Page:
Archive for Wednesday, December 6, 2006

Creativity not required to enjoy gingerbread

December 6, 2006


For most people who have received a fair dose of American holiday tradition, the word "gingerbread" summons one of two mental pictures: the gingerbread-man cookie or a gingerbread house. The former is usually stamped out of dough with a cookie cutter, while the house is typically the architectural feat of someone who has an extraordinary amount of free time.

Both entail a lot of meticulous decorating with frosting, although the proper ornamentation of a good-sized gingerbread house (the culinary equivalent of a four-bedroom rancher in a subdivision) requires an unusual amount of expertise and talent. If you don't know what you're doing, you can wind up with a gingerbread house that has the baker's equivalent of cheap vinyl siding.

I once observed the construction of a gingerbread house that was a couple of feet tall. To get the thing assembled and standing securely upright, the cook had to reinforce the structure with all manner of interior supports. A gingerbread purist might have balked at such shortcuts, but the process still required a steady and skilled hand.

When it was built and decorated, I was humbled to be standing in the presence of the finished product. I did, however, make a mental note that I would never have time in my short life to replicate that effort. And I haven't looked back.

For people like me, who love ginger in holiday baking, there's an easier way. Gingerbread also can be baked up as a quick bread or cake, and the results are tasty, though less ornate and certainly less time-consuming.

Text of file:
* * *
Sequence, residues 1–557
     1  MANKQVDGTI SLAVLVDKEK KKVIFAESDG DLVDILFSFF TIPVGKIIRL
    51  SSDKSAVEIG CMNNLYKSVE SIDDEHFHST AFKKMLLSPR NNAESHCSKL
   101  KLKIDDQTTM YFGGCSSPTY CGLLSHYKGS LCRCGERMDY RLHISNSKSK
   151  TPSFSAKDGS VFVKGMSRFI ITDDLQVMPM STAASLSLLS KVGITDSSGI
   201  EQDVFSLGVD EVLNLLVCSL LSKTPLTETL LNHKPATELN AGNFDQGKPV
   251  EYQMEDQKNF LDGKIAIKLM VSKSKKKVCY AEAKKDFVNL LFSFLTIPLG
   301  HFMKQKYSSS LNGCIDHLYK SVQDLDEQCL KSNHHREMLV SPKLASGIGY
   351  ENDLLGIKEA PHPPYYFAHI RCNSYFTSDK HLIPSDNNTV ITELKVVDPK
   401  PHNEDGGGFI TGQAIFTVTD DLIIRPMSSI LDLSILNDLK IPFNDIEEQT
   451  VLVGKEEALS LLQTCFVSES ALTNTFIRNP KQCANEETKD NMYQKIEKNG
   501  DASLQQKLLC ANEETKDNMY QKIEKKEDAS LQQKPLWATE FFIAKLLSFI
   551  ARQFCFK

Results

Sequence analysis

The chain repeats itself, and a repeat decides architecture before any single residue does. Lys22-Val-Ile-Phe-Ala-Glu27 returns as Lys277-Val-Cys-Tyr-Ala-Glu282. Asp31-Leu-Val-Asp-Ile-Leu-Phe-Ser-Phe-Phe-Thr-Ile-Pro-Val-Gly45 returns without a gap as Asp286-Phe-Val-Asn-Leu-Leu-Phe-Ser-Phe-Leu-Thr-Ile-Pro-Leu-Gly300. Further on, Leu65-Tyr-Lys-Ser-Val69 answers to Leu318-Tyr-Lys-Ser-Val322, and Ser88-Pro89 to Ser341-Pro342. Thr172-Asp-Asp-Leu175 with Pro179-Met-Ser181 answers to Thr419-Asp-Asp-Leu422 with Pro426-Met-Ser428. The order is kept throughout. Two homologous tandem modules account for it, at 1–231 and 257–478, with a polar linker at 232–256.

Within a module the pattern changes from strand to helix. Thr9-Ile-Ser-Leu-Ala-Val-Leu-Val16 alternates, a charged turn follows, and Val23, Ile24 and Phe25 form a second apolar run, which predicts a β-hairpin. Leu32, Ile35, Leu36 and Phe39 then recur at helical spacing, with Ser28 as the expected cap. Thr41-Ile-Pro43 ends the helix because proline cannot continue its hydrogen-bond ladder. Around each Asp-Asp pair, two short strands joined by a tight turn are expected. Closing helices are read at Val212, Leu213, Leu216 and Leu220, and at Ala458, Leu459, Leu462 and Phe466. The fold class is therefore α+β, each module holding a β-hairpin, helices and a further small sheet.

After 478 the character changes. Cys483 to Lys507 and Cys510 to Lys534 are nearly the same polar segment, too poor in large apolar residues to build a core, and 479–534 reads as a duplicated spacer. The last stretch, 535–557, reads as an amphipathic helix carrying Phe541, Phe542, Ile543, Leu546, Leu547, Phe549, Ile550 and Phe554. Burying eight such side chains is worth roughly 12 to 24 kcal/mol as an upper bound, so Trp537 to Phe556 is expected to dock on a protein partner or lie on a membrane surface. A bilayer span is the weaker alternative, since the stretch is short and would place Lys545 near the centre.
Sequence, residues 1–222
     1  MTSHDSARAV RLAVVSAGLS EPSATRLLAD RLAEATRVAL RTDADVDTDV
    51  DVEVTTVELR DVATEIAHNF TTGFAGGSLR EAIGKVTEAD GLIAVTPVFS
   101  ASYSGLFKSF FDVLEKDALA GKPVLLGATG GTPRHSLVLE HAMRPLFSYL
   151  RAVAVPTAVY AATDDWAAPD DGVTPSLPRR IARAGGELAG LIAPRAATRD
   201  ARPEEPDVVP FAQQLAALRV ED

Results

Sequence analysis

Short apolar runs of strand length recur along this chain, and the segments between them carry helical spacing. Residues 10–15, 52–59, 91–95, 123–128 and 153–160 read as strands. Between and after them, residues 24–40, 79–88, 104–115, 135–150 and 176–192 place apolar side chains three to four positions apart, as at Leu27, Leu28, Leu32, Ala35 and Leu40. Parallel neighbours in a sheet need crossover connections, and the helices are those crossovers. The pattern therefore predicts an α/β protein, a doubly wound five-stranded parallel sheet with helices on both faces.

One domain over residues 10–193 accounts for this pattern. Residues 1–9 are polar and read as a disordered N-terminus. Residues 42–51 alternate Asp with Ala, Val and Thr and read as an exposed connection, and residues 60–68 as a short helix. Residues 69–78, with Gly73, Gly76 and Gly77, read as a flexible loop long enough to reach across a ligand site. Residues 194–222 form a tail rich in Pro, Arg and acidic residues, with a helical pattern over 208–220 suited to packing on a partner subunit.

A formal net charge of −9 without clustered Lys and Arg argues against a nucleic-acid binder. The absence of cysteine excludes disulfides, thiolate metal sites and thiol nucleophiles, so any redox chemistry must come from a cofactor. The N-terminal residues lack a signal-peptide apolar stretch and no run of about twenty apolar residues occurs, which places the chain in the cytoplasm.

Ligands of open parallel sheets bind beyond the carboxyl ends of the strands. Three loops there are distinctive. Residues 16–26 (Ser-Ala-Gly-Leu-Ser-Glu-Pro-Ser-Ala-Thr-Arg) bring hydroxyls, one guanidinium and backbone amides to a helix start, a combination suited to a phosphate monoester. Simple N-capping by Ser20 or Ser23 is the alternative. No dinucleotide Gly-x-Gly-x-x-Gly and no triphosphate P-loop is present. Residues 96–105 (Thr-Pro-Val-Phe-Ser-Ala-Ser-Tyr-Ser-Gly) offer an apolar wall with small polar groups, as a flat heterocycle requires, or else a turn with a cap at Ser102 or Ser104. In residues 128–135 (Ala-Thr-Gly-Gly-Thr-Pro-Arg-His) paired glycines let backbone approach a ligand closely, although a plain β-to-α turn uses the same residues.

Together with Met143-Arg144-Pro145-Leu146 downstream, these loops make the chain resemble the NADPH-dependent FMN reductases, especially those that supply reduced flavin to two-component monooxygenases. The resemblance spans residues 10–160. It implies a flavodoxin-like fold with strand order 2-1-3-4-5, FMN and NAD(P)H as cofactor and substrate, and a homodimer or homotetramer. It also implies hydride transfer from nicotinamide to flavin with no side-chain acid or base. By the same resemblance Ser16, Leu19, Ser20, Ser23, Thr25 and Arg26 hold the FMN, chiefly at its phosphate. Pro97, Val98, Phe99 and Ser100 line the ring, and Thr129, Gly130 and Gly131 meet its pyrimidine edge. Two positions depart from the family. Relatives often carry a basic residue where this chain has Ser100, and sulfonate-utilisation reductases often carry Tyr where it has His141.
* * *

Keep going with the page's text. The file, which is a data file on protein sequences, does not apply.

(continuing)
The following recipe is from Diana Rattray, whose interpretations of Southern cooking may be found at The recipe is almost identical to the one I ate as a child, except it contains buttermilk. This gingerbread can be topped with whipped cream.


1 cup all-purpose flour, sift before measuring

1 teaspoon baking soda

1/4 teaspoon salt

2 teaspoons cinnamon

1 teaspoon ground ginger

1 egg, lightly beaten

5 tablespoons dark brown sugar

1/2 cup dark molasses

1/2 cup buttermilk (or use 1/2 cup regular milk soured with a teaspoon of vinegar or lemon juice)

1/4 cup melted butter or shortening

Sift together the flour, salt, soda and spices. In a mixing bowl, combine beaten egg, sugar, molasses, buttermilk and melted butter. Add sifted dry ingredients gradually; stirring to blend. Beat until smooth.

Turn batter into a greased and floured 8-inch or 9-inch square pan and bake at 350 degrees for about 30 minutes.

- When she's not writing about foods and gardening, Gwyn Mellinger is teaching journalism at Baker University. Her phone number is (785) 594-4554.


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